The 84th Annual Academy Awards
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The lights go up in the Kodak theater and out comes Morgan Freeman. He opens with history: apparently movies have changed since they began, but we still really like them (paraphrase).

The curtain opens and the video begins. Billy Crystal strapped to a chair in black and white silent "The Artist", being totured to host (so say the cards between scenes). He makes a plug for his movie "Parental Guidance" coming out in November.

Then it's the always-game George Clooney, doing the scene from "The Descendants" where he begs his comatose wife to wake up. Except it's Billy. George fully commits, even going in for the kiss on the lips. George asks Billy to host and promises the youngest, hippest writers in town.

Cut to guys around the table in "Moneyball" -- all oldsters. Jonah Hill agrees he doesn't have enough jokes.

Cut to the car from "Midnight in Paris" pulling up to Billy -- with Justin Bieber inside, "I'm here to get you the 18 to 24 demographic". Pan back to Sammy Davis Jr. (Billy) in the car with Biebs, off to hang out with Hemingway and then go kill Hitler. Billy puts on his Miracle Max and wishes them good luck storming the fuhrer. Biebs signs off with "Good luck, Bob".

(Wrong name intentional.)

Then cut to Billy from the scene in "The Help" -- scarfing down Minny's s*** pie. It tastes delicious.

And then we see the first woman in the Oscars pooping in a sink -- the scene from "Bridesmaids".

He runs and sits down to watch movies from "Hugo" as Tom Cruise busts in the room through the window a la "Mission Impossible: Ghost Protocol".

Billy chases his reels of movies out the window and ends up in "Tin Tin" racing down the hill on a bike, through motion capture. He flies through the air, into his tux and passed reels of scenes from the nominated movies. He comes out on stage and waves to all the pretty people in the crowd.

He acknowledges the applause. "Wow, that was extremely loud and incredible close," he says. This is the ninth time he's hosted. "Just call me 'War Horse'." They're in the "Chapter 11 theater".

Billy tries a James Earl Jones imitation, quoting "baseball" from "Field of Dreams". It's funny because James Earl Jones says it quickly?

"So tonight, enjoy yourself because nothing can take the sting out the world's economic problems like millionaires presenting each other with golden statues," he closes.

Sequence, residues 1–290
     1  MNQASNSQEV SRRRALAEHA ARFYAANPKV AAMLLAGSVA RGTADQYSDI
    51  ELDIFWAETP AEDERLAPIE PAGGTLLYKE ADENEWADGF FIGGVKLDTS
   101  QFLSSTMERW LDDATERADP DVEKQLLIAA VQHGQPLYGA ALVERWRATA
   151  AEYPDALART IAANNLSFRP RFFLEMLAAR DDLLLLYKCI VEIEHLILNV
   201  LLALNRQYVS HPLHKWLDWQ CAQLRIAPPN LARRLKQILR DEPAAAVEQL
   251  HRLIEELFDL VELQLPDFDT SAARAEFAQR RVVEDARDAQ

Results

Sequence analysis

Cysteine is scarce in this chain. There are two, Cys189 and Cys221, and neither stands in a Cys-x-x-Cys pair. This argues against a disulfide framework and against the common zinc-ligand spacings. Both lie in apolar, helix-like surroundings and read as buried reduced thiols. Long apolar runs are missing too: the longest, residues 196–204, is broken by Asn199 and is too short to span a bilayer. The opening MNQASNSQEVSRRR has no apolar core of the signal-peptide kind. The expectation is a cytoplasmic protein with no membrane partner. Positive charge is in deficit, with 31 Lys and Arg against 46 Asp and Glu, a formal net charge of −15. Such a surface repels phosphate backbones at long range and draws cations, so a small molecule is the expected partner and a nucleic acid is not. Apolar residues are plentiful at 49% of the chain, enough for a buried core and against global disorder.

And then it's time for "It's a Wonderful Night for Oscar". He breaks into song. "You didn't think I wasn't going to do this did you?" There are nine movies, a lot to cram in. "War House" gets the "Mr. Ed" treatment. "Hugo" to "That's Amore"

"There's no Pesci, no Bob, there's no killing -- no mob, that's Hugo. Tell the truth, for the sequel I prefer you don't be so arty -- ax the kid, shoot Ben Kingsley in the head, 'cuz you're Marty!" He heard "The Tree of Life" even freaked out God. "The Descendents" bit ends with a joke about George ending up in bed with Oscar tonight.

Tom Hanks is out to present the first award. He invites everyone in the audience to take note of their seat relative to seal filler Carl Swabo (cut to an old guy in a powder blue tux), who has been filling seats at the Oscars for 59 years. He is currently filling Jennifer Lopez's seat, who is backstage.

He introduces Achievement in Cinematography. The winner is Robert Richardson for "Hugo". He says what everyone is thinking: "I can't believe somebody put cinematography first, it can only go up from this point." Then he thanks some people.

Achievement in Art Direction is next. "Hugo" wins again.

We're back and Billy is back at the "Your Name Here" theater, which he says was designed to look like the movie palaces of our youth.

Time for a trip down movie memory lane, clips from "Forrest Gump" followed by "Titantic" followed by one of those vampire movies the kids today like so much. Hey, it's "Princess Bride"! And Patrick Swayze in "Ghost" and "Jaws" and "Raiders" and top scenes from movie history -- "You can't handle the truth!"

Luke uses the Force, ET wants go home, Jake Lamotta wins, Dustin Hoffman is walking here! Meg Ryan fakes it in a diner.

Cameron Diaz and Jennifer Lopez are out next for Achievement in Costume Design. The nominees are accompanied by introduction from the designers or stars of the movie, talking about why the costumes matter.